But for now, here’s a great quote from the book that’s too good not to pass up. Fukuyama quote Vaclav Havel. I’m going to have to learn some more about this guy, he seems fascinating, a political dissident and writer who became the first president of the Czech Republic. Here Havel tells the story of a greengrocer:

The manager of a fruit and vegetable shop places in his window, among the onions and carrots, the slogan: “Workers of the World, Unite!” Why does he do it? What is he trying to communicate to the world? Is he genuinely enthusiastic about the idea of unity among the workers of the world? Is his enthusiasm so great that he feels an irrepressible impulse to acquaint the public with his ideals? Has he really given more than a moment’s thought to how such a unification might occur and what it would mean? …

Obviously, the greengrocer is indifferent to the semantic content of the slogan on exhibit; he does not put the slogan in this window from any personal desire to acquaint the public with the ideal it expresses. This, of course, does not mean that his action has no motive or significance at all, or that the slogan communicates nothing to anyone. The slogan is really a sign, and as such it contains a subliminal but very definite message. Verbally, it might be expressed this way: “I, the greeengrocer XY, live here and I know what I must do. I behave in the manner expected of me. I can be depended upon and am beyond reproach. I am obedient and therefore I have the right to be left in peace.” This message, of course, has an addressee: it is directed above, to the greengrocer’s superior, and at the same time it is a shield that protect the greengrocer from potential informers. The slogan’s real meaning, therefore, is rooted firmly in the greengrocer’s existence. It reflects his vital interests. But what are those vital interests?

Let us take note: if the greengrocer had been instructed to display the slogan, “I am afraid and therefore unquestioningly obedient,” he would not be nearly as indifferent to its semantics, even thought the statement would reflect the truth. The greengrocer would be embarrassed and ashamed to put such an unequivocal statement of his own degradation in the shop window, and quite naturally so, for he is a human being and thus has a sense of his own dignity. To overcome this complication, his expression of loyalty must take the form of a sign which, at least on its textual surface, indicates a level of disinterested conviction. It must allow the greengrocer to say, “What’s wrong with the workers of the world uniting?” Thus the sign helps the greengrocer to conceal from himself the low foundations of his obedience, at the same time concealing the low foundations of power. It hides them behind the facade of something high. And that something is ideology.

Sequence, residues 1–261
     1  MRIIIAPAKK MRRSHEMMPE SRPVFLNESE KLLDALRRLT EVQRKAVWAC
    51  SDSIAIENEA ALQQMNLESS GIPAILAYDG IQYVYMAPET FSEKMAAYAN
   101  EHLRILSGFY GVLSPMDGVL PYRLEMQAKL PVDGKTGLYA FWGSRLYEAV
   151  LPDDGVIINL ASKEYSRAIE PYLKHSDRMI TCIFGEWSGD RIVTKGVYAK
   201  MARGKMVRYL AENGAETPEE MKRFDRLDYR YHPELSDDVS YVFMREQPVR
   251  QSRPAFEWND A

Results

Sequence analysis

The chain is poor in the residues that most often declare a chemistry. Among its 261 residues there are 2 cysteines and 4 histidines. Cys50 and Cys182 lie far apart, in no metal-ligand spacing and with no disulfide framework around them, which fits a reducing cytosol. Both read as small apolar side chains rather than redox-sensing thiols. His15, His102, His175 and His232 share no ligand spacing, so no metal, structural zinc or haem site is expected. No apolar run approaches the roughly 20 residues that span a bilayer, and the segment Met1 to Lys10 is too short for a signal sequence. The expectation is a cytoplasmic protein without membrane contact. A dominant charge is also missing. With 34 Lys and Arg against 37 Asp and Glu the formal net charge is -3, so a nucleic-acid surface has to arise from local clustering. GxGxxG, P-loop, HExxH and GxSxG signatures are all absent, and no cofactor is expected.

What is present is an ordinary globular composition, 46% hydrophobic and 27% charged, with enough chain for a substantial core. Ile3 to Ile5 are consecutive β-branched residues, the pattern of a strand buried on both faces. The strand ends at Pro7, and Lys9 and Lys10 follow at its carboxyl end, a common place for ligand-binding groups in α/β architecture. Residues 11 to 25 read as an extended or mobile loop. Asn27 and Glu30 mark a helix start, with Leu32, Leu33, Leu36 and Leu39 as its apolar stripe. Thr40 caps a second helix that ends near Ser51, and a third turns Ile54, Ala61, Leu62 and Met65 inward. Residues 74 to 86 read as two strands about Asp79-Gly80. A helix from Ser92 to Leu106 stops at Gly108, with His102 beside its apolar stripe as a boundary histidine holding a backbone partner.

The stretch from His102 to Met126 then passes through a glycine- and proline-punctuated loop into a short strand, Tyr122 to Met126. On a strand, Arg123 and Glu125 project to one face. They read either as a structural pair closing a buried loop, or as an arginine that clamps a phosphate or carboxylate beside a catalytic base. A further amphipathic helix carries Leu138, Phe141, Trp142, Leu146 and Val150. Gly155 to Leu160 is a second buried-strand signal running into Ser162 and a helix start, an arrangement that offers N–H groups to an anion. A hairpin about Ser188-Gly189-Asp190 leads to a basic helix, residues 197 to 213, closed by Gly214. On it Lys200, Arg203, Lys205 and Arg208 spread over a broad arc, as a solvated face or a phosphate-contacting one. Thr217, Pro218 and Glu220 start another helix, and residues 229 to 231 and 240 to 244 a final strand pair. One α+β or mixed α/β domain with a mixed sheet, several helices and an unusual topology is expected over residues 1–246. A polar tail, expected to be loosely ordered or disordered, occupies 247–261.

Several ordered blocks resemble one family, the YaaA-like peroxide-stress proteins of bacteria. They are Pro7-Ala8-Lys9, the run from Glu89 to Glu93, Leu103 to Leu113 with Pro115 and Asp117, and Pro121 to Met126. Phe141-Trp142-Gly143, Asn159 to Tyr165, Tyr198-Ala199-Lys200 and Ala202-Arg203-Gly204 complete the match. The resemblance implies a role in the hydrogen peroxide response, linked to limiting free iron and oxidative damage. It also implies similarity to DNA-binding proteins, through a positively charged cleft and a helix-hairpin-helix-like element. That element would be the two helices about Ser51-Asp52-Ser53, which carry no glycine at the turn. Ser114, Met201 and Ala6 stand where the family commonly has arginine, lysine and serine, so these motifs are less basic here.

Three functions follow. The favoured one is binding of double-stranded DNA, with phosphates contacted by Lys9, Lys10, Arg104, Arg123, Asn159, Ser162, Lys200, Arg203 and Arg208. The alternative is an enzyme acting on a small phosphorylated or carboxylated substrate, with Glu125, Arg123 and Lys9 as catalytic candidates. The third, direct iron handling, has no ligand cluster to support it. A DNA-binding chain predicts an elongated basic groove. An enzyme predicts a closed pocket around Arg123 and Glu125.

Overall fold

Wow, a lot of weight falls on the end of the quote. What a splendid writer!

Until next time, I’m Edwin Wong and I’m doing Clio’s work.

Brownian Motion, Tragedy, Comedy, and History

The Discovery of Brownian Motion

In 1829, the Scottish botanist Robert Brown observed microscopic grains of pollen suspended in water. Instead of moving in straight lines or staying still, they moved about in an erratic and entirely unpredictable manner. They followed, as it were, a ‘drunkard’s path’:

Brownian Motion

Brownian Motion

To Brown, the pollen grains seemed invested with the primordial rudiments of life which gave imbued them with the capacity to meander about like drunkards following a random walk. Cool! Too bad though: he was wrong. But like so many things, even though his hypothesis was incorrect, the search for the correct explanation changed the way we look at the world. The correct explanation for Brownian motion is that the grains of pollen were being bombarded by myriads of water molecules moving at random. The molecules were too small to be resolved by the microscopes. Their presence could only be inferred by observing Brownian motion.

So, Brownian motion is the name given to the random motion of particles in gases or liquids. The particles follow a ‘random walk’ or a ‘drunkard’s path’ because they are round and elastic, bouncing off one another in proportion to the temperature of the system. Or so the kinetic theory of gases would argue. If this seems self-evident, it sure wasn’t in 1829. Molecules: what are those? Didn’t matter contain phlogiston, an element with the property of fire which enables combustion? And so on. It wasn’t until 1905 that someone figured out the true cause behind the disturbingly random movements in Brownian motion. It took Einstein to figure it out.